Lawrence Talbot's childhood ended the night his mother died. His father sent him from the sleepy Victorian hamlet of Blackmoor to an insane asylum, then he goes to America. When his brother's fiancée, Gwen Conliffe, tracks him down to help find her missing love, Talbot returns to his father's estate to learn that his brother's mauled body has been found. Reunited with his estranged father, Lawrence sets out to find his brother's killer... and discovers a horrifying destiny for himself. Someone or something with brute strength and insatiable blood lust has been killing the villagers, and a suspicious Scotland Yard inspector named Aberline comes to investigate. Written by
Gwen regrets getting Lawrence involved, saying that if she had never sent him that letter, he would still be in New York. She sent Lawrence a letter when Ben went missing in the theatrical version, but in the extended cut she went to tell him in person instead. Yet the "letter" line is retained in both versions even though it doesn't make sense in the latter. See more »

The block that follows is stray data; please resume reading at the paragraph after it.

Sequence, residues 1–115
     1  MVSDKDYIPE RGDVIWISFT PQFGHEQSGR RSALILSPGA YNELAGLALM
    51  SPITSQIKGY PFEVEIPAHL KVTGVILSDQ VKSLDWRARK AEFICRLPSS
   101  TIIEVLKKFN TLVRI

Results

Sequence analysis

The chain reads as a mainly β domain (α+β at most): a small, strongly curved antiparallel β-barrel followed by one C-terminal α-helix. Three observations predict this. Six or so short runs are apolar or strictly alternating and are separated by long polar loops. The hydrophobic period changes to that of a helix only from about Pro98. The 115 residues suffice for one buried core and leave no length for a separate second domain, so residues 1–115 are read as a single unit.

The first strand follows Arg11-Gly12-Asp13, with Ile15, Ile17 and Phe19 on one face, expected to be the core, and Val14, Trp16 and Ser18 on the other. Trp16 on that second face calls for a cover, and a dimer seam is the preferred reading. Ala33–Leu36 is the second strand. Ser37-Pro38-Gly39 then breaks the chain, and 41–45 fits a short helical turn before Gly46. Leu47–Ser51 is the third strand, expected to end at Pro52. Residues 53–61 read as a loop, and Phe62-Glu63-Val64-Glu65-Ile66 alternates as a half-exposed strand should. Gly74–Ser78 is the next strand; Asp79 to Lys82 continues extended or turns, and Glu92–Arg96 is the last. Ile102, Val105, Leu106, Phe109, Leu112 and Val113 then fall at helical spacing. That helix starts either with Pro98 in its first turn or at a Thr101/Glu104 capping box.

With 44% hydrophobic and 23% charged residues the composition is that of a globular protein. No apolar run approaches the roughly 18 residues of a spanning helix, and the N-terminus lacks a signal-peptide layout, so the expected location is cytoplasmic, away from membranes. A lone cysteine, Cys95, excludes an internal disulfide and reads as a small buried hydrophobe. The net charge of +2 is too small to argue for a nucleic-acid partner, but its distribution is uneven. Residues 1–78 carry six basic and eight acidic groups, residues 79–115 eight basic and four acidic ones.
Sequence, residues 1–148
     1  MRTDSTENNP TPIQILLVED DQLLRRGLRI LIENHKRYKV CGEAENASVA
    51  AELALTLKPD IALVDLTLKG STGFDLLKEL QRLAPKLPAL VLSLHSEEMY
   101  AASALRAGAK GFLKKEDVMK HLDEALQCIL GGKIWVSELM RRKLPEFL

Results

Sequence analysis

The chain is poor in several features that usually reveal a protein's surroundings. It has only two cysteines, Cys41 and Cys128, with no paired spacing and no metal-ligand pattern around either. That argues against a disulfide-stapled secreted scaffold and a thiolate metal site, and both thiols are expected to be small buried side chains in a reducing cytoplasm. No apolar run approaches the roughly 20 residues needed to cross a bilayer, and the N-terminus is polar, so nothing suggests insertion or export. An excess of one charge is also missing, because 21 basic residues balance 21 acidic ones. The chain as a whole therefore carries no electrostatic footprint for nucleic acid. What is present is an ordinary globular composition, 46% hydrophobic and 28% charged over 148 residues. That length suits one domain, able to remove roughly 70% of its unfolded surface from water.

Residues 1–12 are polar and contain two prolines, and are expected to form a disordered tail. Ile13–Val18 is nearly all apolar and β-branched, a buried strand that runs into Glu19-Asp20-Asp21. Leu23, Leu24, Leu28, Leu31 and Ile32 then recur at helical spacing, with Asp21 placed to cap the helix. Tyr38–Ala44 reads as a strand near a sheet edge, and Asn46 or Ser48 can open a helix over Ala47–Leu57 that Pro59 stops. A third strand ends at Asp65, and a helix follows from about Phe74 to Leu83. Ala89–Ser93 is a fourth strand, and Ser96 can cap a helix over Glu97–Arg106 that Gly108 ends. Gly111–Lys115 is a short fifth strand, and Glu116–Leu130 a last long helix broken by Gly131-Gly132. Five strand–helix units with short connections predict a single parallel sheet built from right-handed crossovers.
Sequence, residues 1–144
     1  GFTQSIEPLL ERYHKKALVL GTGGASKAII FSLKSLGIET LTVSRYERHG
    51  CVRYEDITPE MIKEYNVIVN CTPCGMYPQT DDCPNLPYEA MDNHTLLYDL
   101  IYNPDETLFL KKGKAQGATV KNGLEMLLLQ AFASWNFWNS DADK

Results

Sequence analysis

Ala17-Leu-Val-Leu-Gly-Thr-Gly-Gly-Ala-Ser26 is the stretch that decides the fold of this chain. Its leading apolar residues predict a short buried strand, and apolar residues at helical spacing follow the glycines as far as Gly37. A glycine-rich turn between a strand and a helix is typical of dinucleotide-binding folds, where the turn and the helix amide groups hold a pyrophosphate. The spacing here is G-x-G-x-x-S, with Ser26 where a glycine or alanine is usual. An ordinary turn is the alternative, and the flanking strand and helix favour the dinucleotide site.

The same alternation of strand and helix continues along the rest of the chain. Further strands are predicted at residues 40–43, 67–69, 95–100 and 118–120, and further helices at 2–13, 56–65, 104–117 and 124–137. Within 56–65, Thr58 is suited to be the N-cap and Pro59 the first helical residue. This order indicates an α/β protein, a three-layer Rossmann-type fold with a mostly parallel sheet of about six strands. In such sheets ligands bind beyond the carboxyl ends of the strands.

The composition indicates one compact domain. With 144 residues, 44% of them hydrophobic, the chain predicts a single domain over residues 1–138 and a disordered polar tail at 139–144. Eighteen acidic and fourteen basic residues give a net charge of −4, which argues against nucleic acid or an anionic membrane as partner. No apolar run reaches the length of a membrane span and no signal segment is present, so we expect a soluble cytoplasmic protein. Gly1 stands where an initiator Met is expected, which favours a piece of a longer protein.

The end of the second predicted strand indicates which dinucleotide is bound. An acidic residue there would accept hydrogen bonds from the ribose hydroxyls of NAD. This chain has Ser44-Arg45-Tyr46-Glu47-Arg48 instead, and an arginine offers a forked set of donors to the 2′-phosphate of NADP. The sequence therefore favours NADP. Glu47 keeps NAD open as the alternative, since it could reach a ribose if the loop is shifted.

Briefly, I must say this film exceeded my expectations. The role of father and son in the original film, as played by Lon Chaney, Jr and Claude Raines, was key to Talbot's tragedy. Here, Johnston and company have successfully upped the ante, and the father/son relationship becomes pivotal. The film asks where is the line between beast and man?; but I think it's really trying to say "When do children become their own person? Where does that line lie?"
And how much fun to see Abberline back at work? Wonderful and highly recommend, especially to fans of Classic Universal Horror.
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